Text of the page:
Norfolk, VA (Reuters) - U.S. Defense Secretary Mark Esper said on Wednesday he had told his Ukrainian counterpart in a recent phone call that it was important for Kiev to deal with corruption, but declined to comment on a dramatic political showdown in Washington that threatens President Donald Trump’s presidency.
Democrats in the U.S. House of Representatives on Tuesday launched a formal impeachment inquiry into Trump, accusing him of seeking Ukraine’s help to smear Democratic rival Joe Biden ahead of next year’s election.
Esper told reporters he had spoken with his Ukrainian counterpart Andriy Zahorodnyuk a week or two ago, telling him it was important for Ukraine to deal with corruption and that it was an important issue for the U.S. government.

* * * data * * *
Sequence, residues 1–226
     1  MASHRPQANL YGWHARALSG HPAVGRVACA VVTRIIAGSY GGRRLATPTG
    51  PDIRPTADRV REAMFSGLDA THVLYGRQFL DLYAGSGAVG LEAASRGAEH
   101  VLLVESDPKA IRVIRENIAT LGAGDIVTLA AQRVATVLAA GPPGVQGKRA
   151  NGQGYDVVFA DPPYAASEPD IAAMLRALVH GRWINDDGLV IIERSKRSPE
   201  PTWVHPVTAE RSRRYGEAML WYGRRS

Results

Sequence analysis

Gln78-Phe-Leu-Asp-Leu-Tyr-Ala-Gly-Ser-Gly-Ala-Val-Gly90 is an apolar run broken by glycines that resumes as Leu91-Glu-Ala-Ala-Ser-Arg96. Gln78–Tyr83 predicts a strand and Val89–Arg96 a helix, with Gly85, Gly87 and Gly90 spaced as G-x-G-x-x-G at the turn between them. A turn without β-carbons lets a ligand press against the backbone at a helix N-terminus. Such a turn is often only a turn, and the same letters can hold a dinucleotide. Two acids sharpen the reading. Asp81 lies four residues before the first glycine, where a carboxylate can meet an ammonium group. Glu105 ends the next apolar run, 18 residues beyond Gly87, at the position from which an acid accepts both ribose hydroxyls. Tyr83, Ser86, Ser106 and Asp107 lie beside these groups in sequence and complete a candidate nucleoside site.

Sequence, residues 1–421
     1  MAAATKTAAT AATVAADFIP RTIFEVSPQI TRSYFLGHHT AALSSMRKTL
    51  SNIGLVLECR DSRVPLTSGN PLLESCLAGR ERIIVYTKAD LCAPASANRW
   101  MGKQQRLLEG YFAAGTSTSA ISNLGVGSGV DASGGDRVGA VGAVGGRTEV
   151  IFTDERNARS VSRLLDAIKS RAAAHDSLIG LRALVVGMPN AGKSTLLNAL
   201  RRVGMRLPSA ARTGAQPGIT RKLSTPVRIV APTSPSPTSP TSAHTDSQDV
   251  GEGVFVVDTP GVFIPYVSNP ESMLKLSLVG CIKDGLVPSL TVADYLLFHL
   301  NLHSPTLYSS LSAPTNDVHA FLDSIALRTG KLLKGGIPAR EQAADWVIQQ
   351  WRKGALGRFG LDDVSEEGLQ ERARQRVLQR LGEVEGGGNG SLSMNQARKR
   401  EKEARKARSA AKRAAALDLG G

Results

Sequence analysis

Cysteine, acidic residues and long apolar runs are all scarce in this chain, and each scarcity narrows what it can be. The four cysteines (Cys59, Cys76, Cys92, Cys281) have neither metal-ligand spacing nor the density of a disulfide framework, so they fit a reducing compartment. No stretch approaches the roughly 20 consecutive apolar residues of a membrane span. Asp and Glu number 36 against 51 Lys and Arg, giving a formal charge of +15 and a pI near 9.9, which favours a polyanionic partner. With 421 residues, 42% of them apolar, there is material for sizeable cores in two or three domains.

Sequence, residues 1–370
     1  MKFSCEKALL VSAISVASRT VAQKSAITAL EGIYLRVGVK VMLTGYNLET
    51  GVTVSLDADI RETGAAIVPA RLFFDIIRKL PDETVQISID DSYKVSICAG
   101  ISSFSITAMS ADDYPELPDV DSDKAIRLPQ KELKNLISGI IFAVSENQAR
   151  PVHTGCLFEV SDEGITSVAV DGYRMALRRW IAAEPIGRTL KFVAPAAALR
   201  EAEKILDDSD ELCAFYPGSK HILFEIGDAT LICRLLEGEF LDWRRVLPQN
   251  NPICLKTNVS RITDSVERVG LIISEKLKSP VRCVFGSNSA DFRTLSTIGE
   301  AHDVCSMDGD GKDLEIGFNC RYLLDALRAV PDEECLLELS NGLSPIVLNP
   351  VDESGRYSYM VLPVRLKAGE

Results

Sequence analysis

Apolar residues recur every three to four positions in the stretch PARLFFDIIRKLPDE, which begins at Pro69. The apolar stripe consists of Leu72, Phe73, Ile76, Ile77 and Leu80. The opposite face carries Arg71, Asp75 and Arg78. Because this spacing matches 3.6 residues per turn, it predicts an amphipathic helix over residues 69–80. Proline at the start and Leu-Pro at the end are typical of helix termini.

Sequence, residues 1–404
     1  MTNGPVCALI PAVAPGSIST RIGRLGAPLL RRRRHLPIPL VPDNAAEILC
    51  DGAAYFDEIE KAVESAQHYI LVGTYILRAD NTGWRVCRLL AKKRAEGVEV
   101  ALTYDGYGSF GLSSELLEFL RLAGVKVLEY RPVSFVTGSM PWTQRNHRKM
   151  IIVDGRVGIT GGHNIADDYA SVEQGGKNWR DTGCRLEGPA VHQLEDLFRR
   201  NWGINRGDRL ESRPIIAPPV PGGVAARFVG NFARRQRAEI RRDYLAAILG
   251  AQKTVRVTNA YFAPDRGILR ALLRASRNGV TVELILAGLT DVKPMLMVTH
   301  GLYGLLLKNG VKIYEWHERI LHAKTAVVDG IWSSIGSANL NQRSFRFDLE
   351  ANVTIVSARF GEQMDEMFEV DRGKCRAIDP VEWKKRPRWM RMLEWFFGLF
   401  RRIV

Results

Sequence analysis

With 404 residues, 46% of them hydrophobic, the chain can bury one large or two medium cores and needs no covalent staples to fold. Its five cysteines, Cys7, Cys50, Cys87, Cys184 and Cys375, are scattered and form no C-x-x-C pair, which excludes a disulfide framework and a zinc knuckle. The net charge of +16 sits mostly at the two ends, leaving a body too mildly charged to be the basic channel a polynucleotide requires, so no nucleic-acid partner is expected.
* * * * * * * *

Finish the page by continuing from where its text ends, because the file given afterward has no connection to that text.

Trump asked Ukraine’s president in a July phone call to investigate whether former Vice President Joe Biden had shut down a probe into a gas company that employed his son, according to details of the call released by the Trump administration on Wednesday.
The call occurred after Trump had ordered the U.S. government to freeze nearly $400 million in American aid to Ukraine. The administration later released the aid.
Asked whether the White House decision to withhold military aid to Ukraine had harmed national security, Esper said: “I’m not going to get into any of that right now... As I’ve said on many occasions, I’m trying to keep (the Pentagon) out of politics and obviously that is all the news today.”
Esper told reporters he had also emphasized to Zahorodnyuk the need for European allies to also help Ukraine and that the burden should not fall on the United States.
Reporting by Idrees Ali; Editing by Bernadette Baum